EdLines
 

October 12, 2012
 
 
Budget & Finance
 
SC: Gov. Haley seeks "merit-based" college funding
This week South Carolina Gov. Nikki Haley (R) brought together state lawmakers, higher education officials and business leaders for a discussion on a "merit-based" approach to state higher education funding. Haley hopes to include performance metrics, such as job placement and graduation rates, into the state's funding formula for higher education. The governor also hopes to develop more academic program specialization among the state's public colleges and universities. University officials commented that less regulation and more funding may be needed to improve the state's universities, as the state's portion of funding for public universities has fallen from 16 percent to 11 percent in the past 12 years.
 
Associated Press (Date posted: October 10, 2012)
 
NJ: Coalition offers support for $750 million bond measure
A coalition of New Jersey higher education, union and business leaders has come together to support a state ballot measure that would  allow $750 million in borrowing in order to expand and renovate higher education facilities. The bond, which is the first such measure for higher education in New Jersey since 1988, will be allocated between public research universities, public comprehensive universities and private higher education institutions. The building projects will also rely on 25 percent institutional matching funds and $567 million from different bond programs. The coalition expects to spend $2.1 million in advocacy and outreach efforts. 
 
Philadelphia Inquirer (Date posted: October 10, 2012)
 
TX: Gov. Perry outlines higher education reforms
Last week Texas Gov. Rick Perry (R) proposed several changes to state higher education to be considered in the upcoming legislative session. Perry called for a formula formula that would link 10 percent of state funding to universities based on institutional outcomes as well as a policy that would keep student tuition rates fixed for four years of their academic program. The governor has also called for more transparency in tuition pricing and $10,000 bachelor's degree programs.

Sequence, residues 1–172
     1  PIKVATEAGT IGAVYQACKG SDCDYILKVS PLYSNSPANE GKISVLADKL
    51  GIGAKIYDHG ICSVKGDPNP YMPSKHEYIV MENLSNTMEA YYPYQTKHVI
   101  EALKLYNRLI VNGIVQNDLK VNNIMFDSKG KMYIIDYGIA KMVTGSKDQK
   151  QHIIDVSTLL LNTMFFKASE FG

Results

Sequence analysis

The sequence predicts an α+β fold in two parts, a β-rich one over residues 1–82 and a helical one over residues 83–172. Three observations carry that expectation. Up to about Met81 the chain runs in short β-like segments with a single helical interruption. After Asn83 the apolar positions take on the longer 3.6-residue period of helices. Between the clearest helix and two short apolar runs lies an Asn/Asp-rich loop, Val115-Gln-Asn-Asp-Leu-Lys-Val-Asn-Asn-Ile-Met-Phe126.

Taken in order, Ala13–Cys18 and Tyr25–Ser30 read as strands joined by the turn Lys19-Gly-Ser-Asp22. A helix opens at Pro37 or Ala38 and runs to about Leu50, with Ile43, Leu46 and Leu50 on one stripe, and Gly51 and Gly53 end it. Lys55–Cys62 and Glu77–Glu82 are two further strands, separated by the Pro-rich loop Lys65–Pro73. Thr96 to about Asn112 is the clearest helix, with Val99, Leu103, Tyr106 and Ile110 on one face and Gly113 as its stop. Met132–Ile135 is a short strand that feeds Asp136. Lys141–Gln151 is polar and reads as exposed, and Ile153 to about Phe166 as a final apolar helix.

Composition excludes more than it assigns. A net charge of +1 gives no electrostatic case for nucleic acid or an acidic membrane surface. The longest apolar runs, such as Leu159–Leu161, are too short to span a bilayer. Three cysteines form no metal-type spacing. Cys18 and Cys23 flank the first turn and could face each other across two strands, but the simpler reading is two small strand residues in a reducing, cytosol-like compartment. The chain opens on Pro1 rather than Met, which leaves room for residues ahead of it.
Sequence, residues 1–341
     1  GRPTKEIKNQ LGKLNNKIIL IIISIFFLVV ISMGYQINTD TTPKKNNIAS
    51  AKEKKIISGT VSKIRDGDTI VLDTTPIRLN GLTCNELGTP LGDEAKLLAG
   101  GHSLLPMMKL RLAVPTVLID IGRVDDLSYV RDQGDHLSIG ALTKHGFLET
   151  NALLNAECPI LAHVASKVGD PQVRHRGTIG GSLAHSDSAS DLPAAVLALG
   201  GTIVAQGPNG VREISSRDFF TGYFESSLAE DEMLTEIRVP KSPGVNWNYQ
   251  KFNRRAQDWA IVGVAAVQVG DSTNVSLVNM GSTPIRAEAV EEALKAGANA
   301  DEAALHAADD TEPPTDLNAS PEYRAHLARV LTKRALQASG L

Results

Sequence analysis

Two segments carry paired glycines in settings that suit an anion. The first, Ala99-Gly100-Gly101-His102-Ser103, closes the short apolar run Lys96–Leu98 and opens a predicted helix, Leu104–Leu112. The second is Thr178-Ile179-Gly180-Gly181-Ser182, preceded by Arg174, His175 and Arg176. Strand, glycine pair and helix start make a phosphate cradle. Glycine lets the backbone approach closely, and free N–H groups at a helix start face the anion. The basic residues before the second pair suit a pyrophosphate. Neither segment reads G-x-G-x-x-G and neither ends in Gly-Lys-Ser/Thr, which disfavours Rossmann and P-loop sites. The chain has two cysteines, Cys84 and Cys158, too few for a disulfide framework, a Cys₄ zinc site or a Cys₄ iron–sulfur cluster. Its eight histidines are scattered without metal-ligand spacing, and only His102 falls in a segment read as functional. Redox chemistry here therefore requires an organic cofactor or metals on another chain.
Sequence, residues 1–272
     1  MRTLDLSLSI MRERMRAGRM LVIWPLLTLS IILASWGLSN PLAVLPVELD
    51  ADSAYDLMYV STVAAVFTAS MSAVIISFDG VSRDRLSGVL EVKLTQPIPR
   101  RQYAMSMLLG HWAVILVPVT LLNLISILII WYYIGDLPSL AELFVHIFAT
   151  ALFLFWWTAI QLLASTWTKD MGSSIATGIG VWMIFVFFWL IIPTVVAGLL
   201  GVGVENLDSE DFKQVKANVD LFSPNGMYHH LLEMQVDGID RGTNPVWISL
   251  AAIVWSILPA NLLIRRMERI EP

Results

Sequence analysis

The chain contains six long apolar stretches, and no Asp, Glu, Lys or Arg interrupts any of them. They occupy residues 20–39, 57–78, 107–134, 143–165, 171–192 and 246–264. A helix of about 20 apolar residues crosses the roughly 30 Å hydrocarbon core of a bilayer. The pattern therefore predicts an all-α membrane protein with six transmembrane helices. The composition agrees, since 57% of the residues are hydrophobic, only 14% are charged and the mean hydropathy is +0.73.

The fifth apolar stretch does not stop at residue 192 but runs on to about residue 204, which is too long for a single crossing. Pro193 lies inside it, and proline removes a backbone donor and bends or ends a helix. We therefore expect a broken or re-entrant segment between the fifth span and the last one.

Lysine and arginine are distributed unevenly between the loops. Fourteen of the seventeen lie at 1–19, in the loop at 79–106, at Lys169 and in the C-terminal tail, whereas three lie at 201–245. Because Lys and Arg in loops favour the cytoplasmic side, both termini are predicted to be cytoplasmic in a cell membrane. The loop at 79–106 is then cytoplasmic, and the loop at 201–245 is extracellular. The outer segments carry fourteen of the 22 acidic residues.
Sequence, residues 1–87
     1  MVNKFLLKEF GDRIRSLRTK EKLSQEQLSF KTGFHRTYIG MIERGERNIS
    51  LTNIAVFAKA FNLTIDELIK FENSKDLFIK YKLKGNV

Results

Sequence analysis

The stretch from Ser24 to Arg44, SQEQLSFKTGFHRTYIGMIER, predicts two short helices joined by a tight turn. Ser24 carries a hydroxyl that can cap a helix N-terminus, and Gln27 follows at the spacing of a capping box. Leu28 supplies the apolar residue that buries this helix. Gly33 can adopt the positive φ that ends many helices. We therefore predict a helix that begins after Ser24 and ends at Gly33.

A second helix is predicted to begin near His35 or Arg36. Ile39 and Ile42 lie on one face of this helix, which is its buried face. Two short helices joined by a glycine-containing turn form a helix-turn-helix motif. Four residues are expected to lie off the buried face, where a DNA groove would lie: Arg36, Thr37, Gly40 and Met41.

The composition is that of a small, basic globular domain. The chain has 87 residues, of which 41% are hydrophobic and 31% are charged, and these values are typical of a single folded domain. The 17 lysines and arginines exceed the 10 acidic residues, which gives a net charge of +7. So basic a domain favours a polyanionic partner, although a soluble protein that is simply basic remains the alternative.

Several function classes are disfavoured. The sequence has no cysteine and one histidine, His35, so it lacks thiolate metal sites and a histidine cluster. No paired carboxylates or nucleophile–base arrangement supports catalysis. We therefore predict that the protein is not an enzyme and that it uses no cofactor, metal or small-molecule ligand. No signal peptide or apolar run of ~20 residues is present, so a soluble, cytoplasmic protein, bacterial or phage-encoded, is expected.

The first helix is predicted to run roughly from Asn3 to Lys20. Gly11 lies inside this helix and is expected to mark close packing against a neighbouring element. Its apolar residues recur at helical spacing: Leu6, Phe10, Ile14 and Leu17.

Dallas Morning News (Date posted: October 1, 2012)
 
 
Immigration
 
MD: Report argues Maryland Dream Act will benefit state's economy
report released this week by the Maryland Institute for Policy Analysis and Research concludes the state Dream Act on the November ballot will be beneficial to Maryland's economy. The study's authors conclude the policy could return $66 million in economic benefit to the state with each graduating class. Maryland's Dream Act would allow the state's undocumented students to pay resident tuition rates at community colleges and transfer (at the resident tuition rate) to four-year state universities. The measure was signed into law in 2011, but a successful petition drive will put the law to voters in November. 
 
The Washington Post (Date posted: October 6, 2012)


Tuition

AK: Regents approve tuition increase
The University of Alaska Board of Regents has approved the smallest tuition increase in over a decade for the upcoming academic year. Tuition will increase 2 percent for resident undergraduates next year and 4 percent for non-resident undergraduates. Graduate school rates will increase 2 percent.  
 
Fairbanks Daily News (Date posted: September 28, 2012)


 

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